Alumni Spotlight: Greg Weintraub
Global Studies, Class of 2015
Boston Children’s Hospital
Describe yourself in three words.
Runner, Adventurer, Curious
What was your favorite course at The New School and why?
My favorite course at The New School was [Dis]Order and [In]justice, with the Global Studies Program. The class thinks about “order as a dynamic relationship between territory, identity and belonging, and justice as a question of responsibility and ethics at the collective and personal level in an intimate relationship to forms of order.”
I have Type 1 Diabetes, and have lived with Type 1 for most of my life. I’ve always been in good health, but as I’ve lived with Type 1 for a longer and longer period of time, I’ve developed a more intricate relationship with the disease. This class, with professor Jonathan Bach, helped me to explore this relationship I have with my diabetes. More specifically, this class gave me a framework to think about diabetes in different parts of my life – and how, for example, my sense of identity relative to Type 1 Diabetes shifts as I transition between being a long distance runner, a friend of folks with Type 1 Diabetes, and a patient living with Type 1.
What was the most beneficial thing you did during school that prepared you for your current career?
I developed different perspectives. I ran my 1st marathon during my sophomore year of school. I’ve continued to run long distances, having completed 5 marathons since I first signed up for that first adventure. There are very few long distance runners with Type 1 Diabetes. That said, developing experience as a runner with Type 1 Diabetes gave me perspective on my life, and career, that few others have. The same can be said about being in classes. Many of my classes at The New School were small – ten to fifteen people at most. This forced everyone in each class to talk, exchange perspectives, and develop a broader understanding of whatever we were talking about. Being in these situations – small classes, marathons with Type 1 Diabetes – has provided me with a greater ability to develop perspectives and understanding. Through that, I’m able to build relationships wherever I work, which has been significantly helpful relative to my career. You have to be able to work with people, and understand their perspectives and ideas, to do good work. I’m thankful for the opportunity to have developed so many perspectives, while in school, in a way that bled over into my career.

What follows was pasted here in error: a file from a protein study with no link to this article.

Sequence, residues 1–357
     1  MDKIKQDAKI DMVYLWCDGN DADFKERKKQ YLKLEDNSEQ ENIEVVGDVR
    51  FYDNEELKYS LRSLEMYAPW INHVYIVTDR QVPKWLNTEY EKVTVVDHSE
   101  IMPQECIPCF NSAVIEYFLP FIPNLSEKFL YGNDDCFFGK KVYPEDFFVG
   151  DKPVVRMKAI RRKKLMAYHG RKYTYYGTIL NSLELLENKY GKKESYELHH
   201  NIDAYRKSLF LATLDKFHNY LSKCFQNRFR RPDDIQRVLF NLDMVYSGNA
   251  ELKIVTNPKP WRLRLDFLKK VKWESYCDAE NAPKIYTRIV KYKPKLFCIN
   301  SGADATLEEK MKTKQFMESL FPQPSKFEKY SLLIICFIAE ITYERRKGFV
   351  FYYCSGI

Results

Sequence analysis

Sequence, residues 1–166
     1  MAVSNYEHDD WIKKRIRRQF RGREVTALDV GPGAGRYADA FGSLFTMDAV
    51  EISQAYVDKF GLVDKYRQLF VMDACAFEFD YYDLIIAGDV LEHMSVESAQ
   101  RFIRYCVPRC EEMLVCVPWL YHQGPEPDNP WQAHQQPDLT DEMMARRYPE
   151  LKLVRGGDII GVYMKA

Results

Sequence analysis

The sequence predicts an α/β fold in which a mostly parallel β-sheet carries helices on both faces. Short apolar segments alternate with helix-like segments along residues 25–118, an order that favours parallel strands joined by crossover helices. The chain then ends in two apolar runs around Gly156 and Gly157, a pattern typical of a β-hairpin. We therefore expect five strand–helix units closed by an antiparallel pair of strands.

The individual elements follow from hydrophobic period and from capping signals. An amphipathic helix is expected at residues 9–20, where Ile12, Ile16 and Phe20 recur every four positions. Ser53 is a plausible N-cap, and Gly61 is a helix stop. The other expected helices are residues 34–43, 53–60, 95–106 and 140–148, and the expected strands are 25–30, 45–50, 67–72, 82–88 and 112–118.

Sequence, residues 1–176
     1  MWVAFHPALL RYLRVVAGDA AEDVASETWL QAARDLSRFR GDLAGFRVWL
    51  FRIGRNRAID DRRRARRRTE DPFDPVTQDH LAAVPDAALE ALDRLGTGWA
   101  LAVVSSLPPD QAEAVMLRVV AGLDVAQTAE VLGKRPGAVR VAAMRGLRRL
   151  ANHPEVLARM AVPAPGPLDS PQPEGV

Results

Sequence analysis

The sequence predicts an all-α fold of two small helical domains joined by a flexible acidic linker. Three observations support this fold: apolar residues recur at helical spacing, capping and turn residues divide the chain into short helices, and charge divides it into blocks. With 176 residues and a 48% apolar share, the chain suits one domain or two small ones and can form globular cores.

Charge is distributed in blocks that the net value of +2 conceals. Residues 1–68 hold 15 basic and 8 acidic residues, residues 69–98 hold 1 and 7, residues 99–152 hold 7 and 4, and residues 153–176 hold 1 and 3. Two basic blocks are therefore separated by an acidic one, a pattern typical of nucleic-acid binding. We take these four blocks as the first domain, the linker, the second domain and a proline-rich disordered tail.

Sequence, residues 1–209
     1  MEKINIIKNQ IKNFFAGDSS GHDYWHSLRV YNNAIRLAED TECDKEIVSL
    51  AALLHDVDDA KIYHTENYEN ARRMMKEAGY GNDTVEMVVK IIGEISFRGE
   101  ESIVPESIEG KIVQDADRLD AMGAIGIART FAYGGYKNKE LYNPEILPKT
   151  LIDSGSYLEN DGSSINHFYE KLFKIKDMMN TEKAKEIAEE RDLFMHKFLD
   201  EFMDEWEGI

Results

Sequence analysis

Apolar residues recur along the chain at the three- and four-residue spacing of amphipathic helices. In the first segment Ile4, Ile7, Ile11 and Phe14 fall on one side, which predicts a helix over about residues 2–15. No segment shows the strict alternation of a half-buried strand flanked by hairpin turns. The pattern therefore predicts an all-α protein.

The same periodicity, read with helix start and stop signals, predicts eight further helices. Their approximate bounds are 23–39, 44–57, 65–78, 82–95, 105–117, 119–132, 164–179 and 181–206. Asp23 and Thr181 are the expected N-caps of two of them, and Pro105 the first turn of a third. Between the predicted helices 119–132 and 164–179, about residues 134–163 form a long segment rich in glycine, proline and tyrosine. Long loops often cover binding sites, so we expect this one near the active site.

Where did you grow up? How did that affect the experience of attending college in NYC?
I grew up about a half hour outside of Boston, Massachusetts. I always knew that I wanted to attend school in New York City. Visiting the city growing up, there was just something about Manhattan that was exciting. Beyond words, even. Boston is a great city (I work there, now, at Boston Children’s Hospital!). But my motivation to attend school in New York City was born out of growing up outside of New York City. I loved every second, and often miss the peculiarities of living in New York City.
What was the best part about going to school in NYC?
The ability to disappear into a small, hole-in-the-wall restaurant, and have an incredible meal. There were two places I made sure to visit often – one on St. Marks and one on 1st Avenue – that fit the bill. They were affordable places, and the people who worked at both restaurants were all great. I always knew that if I wanted to relax for a while, and just disappear into the hustle and bustle of New York City, I could go to either of those places.
If you could be any animal, what would it be and why?
African Penguin. Penguins can’t fly, despite being birds. Also, African Penguins live primarily on the coast of South Africa. So – African Penguins have unusual barriers that they overcome (birds without winds) and different perspectives (Penguins hanging out in South Africa, instead of cold wilderness). I feel like that would be an interesting life.
What’s one piece of advice you wish you would’ve gotten while you were in school?
It’s okay to relax. I was always (at least a little) wound up, and stressed out. It’s important to work hard, and it’s important to do good work. But that doesn’t have to mean being stressed out and wound up all the time. Also, be good to the guys who work at Subway. The free cookies are invaluable.